How do I go about taking a person to court if I only have their first name?

UPDATED: Oct 1, 2022

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How do I go about taking a person to court if I only have their first name?

On Jan. 31,I was backed into in a Wal-Mart parking lot. The lady was in a Enterprise rental car but had no license and didn’t have the insurance information with her. I went to Enterprise to file a claim and when the people called her to investigate the accident, the lady told them that I was trying to scam them. I have pictures of my car and hers but no information. Come to find out the car was rented by her sister and Enterprise could not give me the information. I do not have the name of her insurance company to file with. What is my next step? I just want my car fixed.

Asked on February 3, 2018 under Accident Law, Texas


SJZ, Member, New York Bar / FreeAdvice Contributing Attorney

Answered 4 years ago | Contributor

File a lawsuit using a "fictiuous" name, like "Jane Doe," which you can do as a placeholder. Then, in the course of the lawsuit (once it's been filed), you can issue a subpoena to the car rental agency to compel them to release the rental records. Then once you have those records, you can sue the sister who rented and/or issue the sister a subpoena to get the driver's name and sue her. (You can sue both the renter and the driver). Only through a lawsuit can you issue subpoenas and get the information you need.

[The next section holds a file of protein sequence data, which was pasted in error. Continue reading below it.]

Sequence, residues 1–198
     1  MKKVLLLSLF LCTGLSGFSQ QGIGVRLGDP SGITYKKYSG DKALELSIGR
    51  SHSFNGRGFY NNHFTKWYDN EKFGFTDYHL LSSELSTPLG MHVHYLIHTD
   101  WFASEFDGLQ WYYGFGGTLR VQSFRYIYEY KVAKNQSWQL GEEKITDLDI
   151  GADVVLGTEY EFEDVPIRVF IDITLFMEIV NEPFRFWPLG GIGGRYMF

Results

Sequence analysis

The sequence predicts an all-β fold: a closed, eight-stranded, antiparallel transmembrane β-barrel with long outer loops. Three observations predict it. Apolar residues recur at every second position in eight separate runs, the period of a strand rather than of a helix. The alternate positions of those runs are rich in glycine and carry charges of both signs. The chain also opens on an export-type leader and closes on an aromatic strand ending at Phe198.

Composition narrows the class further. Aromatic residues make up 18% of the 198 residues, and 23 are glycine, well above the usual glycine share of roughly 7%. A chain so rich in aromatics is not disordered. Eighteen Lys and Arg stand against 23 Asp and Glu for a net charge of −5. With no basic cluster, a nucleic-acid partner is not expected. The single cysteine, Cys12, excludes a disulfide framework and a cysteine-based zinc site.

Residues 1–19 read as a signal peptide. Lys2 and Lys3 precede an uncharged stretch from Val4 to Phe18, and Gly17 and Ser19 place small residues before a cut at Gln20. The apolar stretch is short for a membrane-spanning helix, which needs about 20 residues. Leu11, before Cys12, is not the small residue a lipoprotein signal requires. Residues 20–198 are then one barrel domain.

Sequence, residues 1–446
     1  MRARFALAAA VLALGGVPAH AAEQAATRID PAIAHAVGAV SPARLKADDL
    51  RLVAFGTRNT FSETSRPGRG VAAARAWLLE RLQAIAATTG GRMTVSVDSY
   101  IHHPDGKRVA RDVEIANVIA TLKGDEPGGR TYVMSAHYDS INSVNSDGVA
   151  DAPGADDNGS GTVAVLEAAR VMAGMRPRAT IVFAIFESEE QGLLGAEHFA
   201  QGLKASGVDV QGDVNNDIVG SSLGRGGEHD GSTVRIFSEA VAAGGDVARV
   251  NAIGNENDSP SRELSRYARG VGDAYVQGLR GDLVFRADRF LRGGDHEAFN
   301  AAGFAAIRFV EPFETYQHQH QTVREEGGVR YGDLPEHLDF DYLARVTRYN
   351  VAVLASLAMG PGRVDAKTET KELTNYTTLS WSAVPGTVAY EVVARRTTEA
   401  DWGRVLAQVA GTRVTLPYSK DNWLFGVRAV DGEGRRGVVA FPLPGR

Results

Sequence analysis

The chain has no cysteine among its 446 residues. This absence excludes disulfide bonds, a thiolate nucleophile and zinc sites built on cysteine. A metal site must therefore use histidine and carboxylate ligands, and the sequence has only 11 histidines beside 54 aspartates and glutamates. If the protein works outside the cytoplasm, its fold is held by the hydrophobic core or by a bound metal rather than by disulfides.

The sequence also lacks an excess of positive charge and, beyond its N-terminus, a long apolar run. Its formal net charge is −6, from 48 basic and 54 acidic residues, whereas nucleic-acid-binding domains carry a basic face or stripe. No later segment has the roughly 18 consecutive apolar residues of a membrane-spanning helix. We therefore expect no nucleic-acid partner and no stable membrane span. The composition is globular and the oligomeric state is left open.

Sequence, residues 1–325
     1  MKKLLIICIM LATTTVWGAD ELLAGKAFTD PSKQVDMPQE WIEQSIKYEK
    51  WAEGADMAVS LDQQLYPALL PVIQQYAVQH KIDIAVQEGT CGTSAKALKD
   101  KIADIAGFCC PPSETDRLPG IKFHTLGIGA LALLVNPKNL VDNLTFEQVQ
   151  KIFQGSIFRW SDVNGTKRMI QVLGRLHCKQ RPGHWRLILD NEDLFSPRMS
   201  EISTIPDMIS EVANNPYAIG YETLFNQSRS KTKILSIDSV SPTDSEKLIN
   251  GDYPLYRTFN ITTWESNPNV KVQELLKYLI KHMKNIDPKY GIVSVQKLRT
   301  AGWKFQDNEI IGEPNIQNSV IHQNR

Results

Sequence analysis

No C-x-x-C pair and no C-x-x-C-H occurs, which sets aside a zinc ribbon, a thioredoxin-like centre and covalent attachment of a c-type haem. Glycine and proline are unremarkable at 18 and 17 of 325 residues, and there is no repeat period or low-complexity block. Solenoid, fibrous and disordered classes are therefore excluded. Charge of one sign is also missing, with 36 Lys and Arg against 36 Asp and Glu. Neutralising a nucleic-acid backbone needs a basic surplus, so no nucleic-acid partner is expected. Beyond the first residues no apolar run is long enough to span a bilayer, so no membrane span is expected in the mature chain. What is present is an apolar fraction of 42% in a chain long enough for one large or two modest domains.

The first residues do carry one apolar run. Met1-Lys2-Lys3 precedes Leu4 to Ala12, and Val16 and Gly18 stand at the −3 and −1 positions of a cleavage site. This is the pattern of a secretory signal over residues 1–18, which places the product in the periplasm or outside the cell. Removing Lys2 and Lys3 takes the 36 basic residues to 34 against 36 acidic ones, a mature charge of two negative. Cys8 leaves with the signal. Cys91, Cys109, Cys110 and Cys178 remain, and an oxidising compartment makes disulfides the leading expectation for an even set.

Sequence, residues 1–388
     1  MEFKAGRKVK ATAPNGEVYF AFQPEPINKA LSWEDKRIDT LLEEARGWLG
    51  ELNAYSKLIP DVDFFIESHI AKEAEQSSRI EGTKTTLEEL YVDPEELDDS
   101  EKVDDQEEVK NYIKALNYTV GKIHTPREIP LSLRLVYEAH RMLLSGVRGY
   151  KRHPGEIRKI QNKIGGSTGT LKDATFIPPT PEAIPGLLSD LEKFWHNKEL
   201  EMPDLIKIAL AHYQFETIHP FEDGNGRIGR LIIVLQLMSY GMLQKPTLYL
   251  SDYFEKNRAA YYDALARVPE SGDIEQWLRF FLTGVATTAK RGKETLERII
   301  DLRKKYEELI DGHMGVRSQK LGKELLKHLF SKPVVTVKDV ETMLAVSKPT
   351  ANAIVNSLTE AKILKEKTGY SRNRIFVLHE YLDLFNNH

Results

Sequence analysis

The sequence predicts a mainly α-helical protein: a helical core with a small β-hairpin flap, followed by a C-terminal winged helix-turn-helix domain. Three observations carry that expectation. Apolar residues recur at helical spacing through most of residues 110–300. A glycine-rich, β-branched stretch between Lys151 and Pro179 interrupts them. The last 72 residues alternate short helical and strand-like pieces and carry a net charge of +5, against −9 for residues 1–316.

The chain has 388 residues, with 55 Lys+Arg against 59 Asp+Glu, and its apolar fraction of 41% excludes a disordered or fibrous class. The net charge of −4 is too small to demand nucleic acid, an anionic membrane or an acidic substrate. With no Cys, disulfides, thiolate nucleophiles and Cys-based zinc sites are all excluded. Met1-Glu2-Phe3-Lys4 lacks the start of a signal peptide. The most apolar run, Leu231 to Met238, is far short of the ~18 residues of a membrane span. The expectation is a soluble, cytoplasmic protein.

IMPORTANT NOTICE: The Answer(s) provided above are for general information only. The attorney providing the answer was not serving as the attorney for the person submitting the question or in any attorney-client relationship with such person. Laws may vary from state to state, and sometimes change. Tiny variations in the facts, or a fact not set forth in a question, often can change a legal outcome or an attorney's conclusion. Although has verified the attorney was admitted to practice law in at least one jurisdiction, he or she may not be authorized to practice law in the jurisdiction referred to in the question, nor is he or she necessarily experienced in the area of the law involved. Unlike the information in the Answer(s) above, upon which you should NOT rely, for personal advice you can rely upon we suggest you retain an attorney to represent you.

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